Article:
Comedian Dick Gregory’s wit has propelled his political activism ever since his first standup routines in the 1950s. His latest book, “Defining Moments in Black History: Reading Between the Lies” (HarperCollins), features provocative essays about American history through the perspective of African Americans whose stories are not frequently told (or are mischaracterized) in history lessons. With biting wit and righteous indignation, Gregory counters the adage that history is written by the winners; sometimes all sides’ stories do get told, if we are open to hearing them.
In the excerpt below, Gregory writes about a surprising conversation he had with activist Rosa Parks, who found herself on the front lines of the civil rights battles in Alabama while sitting inside a local bus.
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One day I was talking to Rosa Parks. I said to her, just teasing her, “When you refused to give up your seat on that bus, you wasn’t just tired like white folks said you was.”
She started crying, and I couldn’t believe the answer she gave me.
Martin Luther King Jr., who gets all the credit for everything, was just an earnest Baptist preacher. His consciousness came from the white schools he went to. And he had that twang that Baptist preachers have that white folks can’t understand. That’s why all we ever heard of him on the TV networks were sound bites — “Goin’ to the mountaintop” and the rest of that stuff you hear year in and year out on his birthday.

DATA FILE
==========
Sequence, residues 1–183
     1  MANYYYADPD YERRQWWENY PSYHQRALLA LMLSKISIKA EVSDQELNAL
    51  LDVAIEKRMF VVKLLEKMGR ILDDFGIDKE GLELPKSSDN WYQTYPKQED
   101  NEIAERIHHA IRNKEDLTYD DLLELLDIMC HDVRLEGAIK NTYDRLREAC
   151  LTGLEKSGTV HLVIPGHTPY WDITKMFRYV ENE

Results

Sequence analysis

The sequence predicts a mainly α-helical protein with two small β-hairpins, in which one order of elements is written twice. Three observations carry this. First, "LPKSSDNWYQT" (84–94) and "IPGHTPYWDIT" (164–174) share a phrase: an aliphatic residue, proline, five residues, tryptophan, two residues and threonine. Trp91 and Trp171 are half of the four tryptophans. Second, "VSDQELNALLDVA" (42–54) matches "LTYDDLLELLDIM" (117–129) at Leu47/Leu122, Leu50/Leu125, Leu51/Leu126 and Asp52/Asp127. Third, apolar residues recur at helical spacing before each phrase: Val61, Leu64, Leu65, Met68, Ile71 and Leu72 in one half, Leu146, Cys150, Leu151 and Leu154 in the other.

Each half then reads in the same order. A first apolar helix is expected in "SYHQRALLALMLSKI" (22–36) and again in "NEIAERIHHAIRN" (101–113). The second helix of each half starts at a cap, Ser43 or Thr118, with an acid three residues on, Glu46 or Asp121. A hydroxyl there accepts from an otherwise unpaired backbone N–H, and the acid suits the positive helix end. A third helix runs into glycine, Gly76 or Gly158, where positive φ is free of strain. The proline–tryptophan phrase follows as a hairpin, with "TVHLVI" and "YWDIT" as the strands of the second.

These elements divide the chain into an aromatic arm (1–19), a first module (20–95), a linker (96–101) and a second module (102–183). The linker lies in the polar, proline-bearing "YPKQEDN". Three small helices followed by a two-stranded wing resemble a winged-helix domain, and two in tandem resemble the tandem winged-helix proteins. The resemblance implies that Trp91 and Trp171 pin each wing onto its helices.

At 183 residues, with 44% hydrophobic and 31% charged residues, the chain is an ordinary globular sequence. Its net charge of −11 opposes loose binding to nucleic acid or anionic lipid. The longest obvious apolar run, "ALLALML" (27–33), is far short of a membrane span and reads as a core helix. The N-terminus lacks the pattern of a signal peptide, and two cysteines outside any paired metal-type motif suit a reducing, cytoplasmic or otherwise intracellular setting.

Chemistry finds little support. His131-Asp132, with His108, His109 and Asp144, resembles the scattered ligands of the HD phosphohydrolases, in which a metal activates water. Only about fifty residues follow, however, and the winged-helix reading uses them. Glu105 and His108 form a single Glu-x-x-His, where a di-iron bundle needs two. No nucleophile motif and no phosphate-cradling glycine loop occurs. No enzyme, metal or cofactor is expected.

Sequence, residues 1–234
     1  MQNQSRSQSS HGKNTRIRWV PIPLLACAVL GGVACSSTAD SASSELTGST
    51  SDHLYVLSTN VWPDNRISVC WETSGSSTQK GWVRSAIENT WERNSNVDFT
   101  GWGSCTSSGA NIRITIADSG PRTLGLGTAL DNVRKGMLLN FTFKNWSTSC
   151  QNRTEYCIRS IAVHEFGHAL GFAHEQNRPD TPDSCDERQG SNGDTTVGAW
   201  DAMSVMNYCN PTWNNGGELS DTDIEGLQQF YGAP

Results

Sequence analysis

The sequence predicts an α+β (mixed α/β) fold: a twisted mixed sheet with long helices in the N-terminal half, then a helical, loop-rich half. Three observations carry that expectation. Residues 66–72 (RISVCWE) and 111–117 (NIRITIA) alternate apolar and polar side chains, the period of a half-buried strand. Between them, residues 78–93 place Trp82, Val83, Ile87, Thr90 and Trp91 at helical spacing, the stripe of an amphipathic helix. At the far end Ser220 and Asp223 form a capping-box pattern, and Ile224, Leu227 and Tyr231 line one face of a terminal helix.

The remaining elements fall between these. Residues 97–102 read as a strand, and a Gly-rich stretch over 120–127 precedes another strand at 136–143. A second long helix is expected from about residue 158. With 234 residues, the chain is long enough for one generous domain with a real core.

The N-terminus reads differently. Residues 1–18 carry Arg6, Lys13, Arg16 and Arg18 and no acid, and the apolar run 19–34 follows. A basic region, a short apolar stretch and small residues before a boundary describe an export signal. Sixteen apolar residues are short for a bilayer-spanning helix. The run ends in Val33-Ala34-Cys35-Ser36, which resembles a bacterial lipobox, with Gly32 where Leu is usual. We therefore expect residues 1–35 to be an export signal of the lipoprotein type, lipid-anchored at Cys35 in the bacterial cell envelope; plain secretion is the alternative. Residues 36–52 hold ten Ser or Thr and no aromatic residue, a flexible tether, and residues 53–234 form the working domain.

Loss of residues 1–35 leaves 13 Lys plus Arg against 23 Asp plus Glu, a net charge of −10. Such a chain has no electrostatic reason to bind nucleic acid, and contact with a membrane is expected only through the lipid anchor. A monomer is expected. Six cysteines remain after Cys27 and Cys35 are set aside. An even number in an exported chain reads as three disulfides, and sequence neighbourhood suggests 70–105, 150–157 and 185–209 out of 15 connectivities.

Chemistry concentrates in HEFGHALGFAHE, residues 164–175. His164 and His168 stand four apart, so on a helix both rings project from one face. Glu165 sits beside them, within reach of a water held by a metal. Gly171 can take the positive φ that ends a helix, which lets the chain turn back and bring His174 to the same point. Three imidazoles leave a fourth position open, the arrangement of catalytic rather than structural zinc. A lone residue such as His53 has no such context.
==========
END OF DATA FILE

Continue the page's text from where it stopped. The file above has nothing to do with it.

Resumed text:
But think about Rosa Parks and the effect she had on the whole planet. She didn’t have a church behind her, like King did, but look what she did. When she refused to give up her bus seat to a white dude, and got arrested for it, black and white folks rallied around her.
That day I spoke to her — we were just kicking back, having dinner at…